New leader denies party 'circles the wagons' on bullying
Mary Lou McDonald has claimed her party doesn't 'circle the wagons' when dealing with cases of bullying, despite an attempt by Sinn Féin to gag members in a constituency embroiled in a dispute.
She also repeated her denial that there's a culture of bullying in the party, parroting her insistence that it is dealing with "localised issues".
Around 15 councillors and other public representatives across several counties have quit Sinn Féin or been expelled due to a range of disputes.
Party chairman Declan Kearney last month wrote to members in Dublin North-West ordering them not to discuss internal party matters in the media and warning of disciplinary action if they did.
He reportedly told members: "I cannot overstate how damaging this is to the party."
The dispute in the constituency has seen councillor Noeleen Reilly quit the party, and Sinn Féin TD Dessie Ellis censured for comments he made in the media suggesting she was not fit to serve in the party.
Sinn Féin has claimed Ms Reilly orchestrated an online bullying campaign against a fellow councillor. She denies this and insists she was the victim of bullying.
Last night, Sinn Féin said it was trying to resolve issues in the constituency at the time Mr Kearney's letter was sent. A statement added: "Media reports were only serving to inflame tensions and were counterproductive to the party's efforts."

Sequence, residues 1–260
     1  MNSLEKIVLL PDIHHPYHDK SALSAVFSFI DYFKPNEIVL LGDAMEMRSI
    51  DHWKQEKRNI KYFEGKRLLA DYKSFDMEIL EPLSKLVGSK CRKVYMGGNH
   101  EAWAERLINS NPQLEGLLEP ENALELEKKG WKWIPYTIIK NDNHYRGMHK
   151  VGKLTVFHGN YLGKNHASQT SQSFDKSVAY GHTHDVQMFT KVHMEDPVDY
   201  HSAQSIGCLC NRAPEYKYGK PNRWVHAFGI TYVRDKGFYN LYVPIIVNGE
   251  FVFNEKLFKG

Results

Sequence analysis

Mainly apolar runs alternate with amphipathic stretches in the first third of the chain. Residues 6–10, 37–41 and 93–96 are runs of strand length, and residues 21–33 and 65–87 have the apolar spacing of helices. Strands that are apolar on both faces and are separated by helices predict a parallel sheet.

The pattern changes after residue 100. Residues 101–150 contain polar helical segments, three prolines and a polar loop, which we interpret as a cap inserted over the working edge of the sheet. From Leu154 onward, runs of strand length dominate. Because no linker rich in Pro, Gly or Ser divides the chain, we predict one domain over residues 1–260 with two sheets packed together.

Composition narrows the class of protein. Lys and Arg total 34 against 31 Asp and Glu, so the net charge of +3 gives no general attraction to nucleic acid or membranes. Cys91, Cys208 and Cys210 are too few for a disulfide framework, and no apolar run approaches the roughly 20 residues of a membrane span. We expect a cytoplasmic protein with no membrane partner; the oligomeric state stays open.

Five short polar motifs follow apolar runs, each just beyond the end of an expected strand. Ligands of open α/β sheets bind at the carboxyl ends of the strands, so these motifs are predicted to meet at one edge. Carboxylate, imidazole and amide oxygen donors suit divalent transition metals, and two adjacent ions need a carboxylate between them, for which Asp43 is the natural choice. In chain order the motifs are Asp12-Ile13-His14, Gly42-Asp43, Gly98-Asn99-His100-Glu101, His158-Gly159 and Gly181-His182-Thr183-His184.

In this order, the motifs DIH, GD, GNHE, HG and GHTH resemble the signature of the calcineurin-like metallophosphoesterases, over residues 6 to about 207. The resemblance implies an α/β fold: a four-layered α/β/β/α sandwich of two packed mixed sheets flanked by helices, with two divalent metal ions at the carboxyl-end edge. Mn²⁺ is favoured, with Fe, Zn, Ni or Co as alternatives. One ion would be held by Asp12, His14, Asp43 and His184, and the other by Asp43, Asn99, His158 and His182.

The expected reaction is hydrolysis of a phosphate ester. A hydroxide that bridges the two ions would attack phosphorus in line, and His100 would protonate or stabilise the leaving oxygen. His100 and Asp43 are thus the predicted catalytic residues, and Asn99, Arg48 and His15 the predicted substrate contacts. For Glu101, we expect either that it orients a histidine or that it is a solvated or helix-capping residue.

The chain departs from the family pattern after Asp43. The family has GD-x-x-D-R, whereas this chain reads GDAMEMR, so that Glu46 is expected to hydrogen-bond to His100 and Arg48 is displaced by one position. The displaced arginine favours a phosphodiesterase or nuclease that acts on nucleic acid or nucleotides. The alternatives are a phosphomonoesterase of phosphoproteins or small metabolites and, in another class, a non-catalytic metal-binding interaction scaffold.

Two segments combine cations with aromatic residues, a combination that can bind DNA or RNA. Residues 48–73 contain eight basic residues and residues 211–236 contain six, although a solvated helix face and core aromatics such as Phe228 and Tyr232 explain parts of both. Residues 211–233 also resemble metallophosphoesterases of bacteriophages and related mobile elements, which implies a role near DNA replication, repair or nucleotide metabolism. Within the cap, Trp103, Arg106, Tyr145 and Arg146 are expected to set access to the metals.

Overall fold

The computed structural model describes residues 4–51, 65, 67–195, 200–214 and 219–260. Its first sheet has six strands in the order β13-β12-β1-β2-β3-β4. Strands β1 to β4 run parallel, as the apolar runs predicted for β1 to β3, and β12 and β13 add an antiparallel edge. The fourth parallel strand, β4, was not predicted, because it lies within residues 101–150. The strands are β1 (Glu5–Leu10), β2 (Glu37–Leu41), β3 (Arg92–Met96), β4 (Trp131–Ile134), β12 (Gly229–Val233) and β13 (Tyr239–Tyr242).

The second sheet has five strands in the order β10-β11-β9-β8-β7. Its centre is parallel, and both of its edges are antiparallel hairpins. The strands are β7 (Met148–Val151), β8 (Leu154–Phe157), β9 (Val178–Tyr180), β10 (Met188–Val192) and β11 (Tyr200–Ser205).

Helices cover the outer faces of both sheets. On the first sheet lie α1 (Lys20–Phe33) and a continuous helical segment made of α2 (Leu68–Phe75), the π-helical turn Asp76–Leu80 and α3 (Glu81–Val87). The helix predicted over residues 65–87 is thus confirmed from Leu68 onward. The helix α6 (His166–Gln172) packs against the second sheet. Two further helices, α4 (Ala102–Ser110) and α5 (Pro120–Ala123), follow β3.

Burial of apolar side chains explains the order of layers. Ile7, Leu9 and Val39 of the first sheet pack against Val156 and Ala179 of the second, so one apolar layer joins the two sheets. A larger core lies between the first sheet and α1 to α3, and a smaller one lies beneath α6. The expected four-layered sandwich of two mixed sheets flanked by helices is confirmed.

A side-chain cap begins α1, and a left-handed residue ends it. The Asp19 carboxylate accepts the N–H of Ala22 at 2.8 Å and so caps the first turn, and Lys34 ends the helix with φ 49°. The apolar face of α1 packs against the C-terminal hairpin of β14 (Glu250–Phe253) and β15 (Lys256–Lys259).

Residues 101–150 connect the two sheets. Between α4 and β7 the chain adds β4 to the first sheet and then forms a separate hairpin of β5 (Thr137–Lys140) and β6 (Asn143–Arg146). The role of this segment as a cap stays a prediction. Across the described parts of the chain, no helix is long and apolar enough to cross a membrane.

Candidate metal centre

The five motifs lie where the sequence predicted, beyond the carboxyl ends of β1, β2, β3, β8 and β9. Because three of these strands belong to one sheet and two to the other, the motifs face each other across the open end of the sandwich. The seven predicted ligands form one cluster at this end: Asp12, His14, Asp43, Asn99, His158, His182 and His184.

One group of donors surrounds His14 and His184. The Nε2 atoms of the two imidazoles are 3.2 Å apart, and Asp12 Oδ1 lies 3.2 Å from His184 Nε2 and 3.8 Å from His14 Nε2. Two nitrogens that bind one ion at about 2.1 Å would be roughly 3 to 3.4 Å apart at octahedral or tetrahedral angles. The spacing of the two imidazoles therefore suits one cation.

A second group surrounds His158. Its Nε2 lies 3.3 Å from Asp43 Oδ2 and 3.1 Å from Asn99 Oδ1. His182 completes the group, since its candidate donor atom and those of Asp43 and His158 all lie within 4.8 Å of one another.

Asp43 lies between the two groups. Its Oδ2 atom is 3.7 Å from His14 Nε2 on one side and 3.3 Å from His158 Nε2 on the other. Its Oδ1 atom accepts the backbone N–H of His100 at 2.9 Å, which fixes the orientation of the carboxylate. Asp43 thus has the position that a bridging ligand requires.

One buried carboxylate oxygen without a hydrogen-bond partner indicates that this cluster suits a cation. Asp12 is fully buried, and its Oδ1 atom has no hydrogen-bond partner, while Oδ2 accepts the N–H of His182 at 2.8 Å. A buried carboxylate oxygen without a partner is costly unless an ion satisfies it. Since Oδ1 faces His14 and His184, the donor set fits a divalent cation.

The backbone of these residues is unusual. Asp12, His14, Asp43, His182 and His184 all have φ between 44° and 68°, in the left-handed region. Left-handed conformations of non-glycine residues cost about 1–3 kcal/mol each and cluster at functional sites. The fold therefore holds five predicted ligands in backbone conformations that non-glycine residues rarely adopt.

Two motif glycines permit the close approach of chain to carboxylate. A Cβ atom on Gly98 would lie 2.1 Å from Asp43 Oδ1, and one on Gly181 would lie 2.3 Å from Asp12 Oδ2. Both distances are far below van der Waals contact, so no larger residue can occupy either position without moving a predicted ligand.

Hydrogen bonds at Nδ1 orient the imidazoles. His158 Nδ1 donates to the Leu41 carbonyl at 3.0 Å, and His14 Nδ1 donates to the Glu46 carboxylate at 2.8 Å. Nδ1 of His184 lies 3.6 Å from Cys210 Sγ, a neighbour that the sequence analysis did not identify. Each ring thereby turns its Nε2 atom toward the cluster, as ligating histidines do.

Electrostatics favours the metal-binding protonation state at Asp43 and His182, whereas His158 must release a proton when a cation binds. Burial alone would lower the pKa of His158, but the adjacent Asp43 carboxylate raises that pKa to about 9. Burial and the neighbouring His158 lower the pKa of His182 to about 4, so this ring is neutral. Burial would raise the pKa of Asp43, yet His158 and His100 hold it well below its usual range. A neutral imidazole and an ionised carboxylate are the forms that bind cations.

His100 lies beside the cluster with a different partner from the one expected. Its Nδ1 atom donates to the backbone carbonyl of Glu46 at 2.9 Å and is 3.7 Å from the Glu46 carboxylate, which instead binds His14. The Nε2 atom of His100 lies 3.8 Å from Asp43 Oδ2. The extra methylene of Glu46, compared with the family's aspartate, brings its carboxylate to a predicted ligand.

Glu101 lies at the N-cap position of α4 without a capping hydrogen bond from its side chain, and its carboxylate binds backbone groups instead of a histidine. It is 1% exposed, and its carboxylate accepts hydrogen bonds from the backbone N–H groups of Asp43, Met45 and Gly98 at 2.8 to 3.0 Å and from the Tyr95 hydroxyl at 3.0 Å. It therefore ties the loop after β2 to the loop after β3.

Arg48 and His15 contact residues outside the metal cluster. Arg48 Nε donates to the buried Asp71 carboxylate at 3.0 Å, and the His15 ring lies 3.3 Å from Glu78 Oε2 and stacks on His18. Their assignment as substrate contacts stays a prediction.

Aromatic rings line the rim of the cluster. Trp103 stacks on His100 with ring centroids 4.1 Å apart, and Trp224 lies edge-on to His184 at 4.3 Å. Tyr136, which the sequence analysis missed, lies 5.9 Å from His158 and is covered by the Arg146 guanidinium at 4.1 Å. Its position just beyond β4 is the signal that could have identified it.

During her first speech as leader, Ms McDonald spoke about building the party and said "this will mean changes in how we operate". She added: "We must be open, flexible and enthusiastic in creating space for newer members and for the sharing of new ideas".
During her appearance on RTÉ's 'The Week', Ms McDonald was asked about this section of her speech and cases of bullying in the party. She was asked if the culture in Sinn Féin is different to other parties and it was put to her party officials have written to members telling them not to talk to the media in a bid to "circle the wagons".
Ms McDonald replied saying: "I don't accept that."
She said the party has an independent complaints procedure and that doesn't make it different to other parties.
She said Sinn Féin's rules were applied in relation to allegations of bullying in Dublin North-West.
Later, she acknowledged there have been disputes in the party but put it down to Sinn Féin being a growing organisation. She said party members operate for the most part in a "friendly, co-operative and respectful way".
She added: "Members of our party actually resent a description in the public domain that says there is a culture of bullying in the party. There is nothing of the sort. What we have had are localised issues."